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Beit Midrash Series Revivim

Chapter 6

Adoptive Parents

Note that there is information about the Shmitta year at the end of the article.
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An Agonizing Question


Revivim (55)
Rabbi Eliezer Melamed
5 - An Enduring Name, Better than Sons and Daughters
6 - Adoptive Parents
7 - Remembering Merkaz Harav Yeshiva on the Days of Awe
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"Rabbi, as couple yearning for a second child, your recent articles were very important for us. Especially what you wrote about the value of love and joy among childless couples and the considerable test it entails – not to sink into sorrow, but to always increase kindness and joy. May we merit that always.

Nonetheless, we are still faced with the question of how much effort we should invest in medical treatments to fulfill the mitzvahof procreation. Thank God, we already have one child, and our question is whether we should make an effort to carry out in vitro fertilization in order to fulfill the mitzvah of procreation of having a son and daughter? This is essentially a general question: does the mitzvah of procreation require unnatural efforts?

Answer


It is a mitzvah for all couples struggling to fulfill the mitzvoth of procreation to act in all conventional medical methods to fulfill themitzvah of having a son and a daughter, including performing in vitro fertilization.
Indeed, in the past, poskim (Jewish law arbiters) instructed that a person was not obligated to perform unnatural procedures in order to fulfill the mitzvah. But this was during a time when reliable ways to solve the problem had not yet been discovered, and even the doctors themselves were divided in their opinions. Consequently, the majority of the public was unaccustomed to using methods that some doctors had developed, and thus, making an effort by using such methods was considered unnatural (see, Divrei Malkiel 4:107; Minchat Shlomo, III, 98:8).

Today however, after medical techniques have successfully been developed to the point where the vast majority of infertility problems can be solved by using them, any procedure that is customarily performed within the medical framework is considered part of one’s obligation to fulfill the mitzvah.
Obviously, this includes all treatments that HMO’s are required to provide their policyholders. And regarding treatments that are not included in regular health insurance – if the majority of people wishing to have children perform them regularly, then one is required to do so even if they are expensive – in order to fulfill the Torah obligation of procreation. This is what Rabbi Daichovsky has written (Techumin 22).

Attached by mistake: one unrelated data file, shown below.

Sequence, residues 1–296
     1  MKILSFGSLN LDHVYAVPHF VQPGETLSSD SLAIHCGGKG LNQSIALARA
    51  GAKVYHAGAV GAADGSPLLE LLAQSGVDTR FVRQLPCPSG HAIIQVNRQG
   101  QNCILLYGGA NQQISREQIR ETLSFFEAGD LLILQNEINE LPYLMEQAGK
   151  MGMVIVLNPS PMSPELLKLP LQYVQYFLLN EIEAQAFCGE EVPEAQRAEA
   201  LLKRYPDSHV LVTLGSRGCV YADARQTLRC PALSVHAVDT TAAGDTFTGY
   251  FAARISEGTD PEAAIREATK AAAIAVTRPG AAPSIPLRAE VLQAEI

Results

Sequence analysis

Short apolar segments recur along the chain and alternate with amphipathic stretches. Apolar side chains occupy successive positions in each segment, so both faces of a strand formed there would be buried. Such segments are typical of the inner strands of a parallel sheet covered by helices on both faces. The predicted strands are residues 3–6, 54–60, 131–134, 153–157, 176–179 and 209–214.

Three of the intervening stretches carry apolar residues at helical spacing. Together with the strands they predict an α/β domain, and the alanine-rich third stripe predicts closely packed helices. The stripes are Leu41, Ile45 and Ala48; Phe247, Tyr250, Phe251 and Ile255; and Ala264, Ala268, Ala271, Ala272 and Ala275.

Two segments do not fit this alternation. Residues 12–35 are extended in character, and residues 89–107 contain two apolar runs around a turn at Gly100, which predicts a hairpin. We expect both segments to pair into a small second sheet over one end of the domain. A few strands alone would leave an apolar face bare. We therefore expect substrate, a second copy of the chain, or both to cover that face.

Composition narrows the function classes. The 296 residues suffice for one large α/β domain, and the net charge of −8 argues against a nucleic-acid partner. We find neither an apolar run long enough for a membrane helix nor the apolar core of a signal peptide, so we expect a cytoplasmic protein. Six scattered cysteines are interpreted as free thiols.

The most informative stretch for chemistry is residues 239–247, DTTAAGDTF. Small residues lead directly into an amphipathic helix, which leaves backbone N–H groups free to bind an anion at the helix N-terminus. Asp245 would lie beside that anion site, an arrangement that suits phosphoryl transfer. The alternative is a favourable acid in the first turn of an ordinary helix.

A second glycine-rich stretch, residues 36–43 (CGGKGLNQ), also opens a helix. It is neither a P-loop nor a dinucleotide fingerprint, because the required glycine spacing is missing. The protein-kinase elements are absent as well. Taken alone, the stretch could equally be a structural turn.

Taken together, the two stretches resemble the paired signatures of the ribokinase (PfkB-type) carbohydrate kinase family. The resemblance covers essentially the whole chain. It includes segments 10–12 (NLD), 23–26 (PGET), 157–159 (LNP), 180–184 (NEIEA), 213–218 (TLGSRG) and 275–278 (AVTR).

For couples who have already fulfilled the Torah obligation of procreation it is a mitzvah to have additional children using the tools that medicine offers as well. However, when doing so requires great effort, it is not obligatory, but only a hidur (enhancement of the mitzva).

The Puah Institute


This is the opportunity to mention my distinguished friend, since the days we studied together in the Mercaz Harav Yeshiva, Rabbi Menachem Burstein, shlita, who founded the Puah Institute – "Fertility and Medicine According to Halakha" – to assist all those requesting help in fulfilling this great mitzvah. The enormous merit of those working in this holy endeavor, assisting parents to have children, is inconceivable.

Adoption of Children


I received a letter from a righteous man telling me about his and his wife’s difficult infertility problems, and about the great hardships they endured in prayers and large financial expenditures. His wife underwent unbearable treatments, including hundreds and perhaps thousands of shots, in vitro fertilization, and abortions. In spite of all their efforts they remained childless, but found an important solution – adoption. He implored me to write about the virtue of adoption by which children at risk are rescued, and childless couples’ pain can lead to salvation.

I am honored to fill his request, and thus glorify these righteous people, fathers and mothers who merit raising orphaned and abandoned children.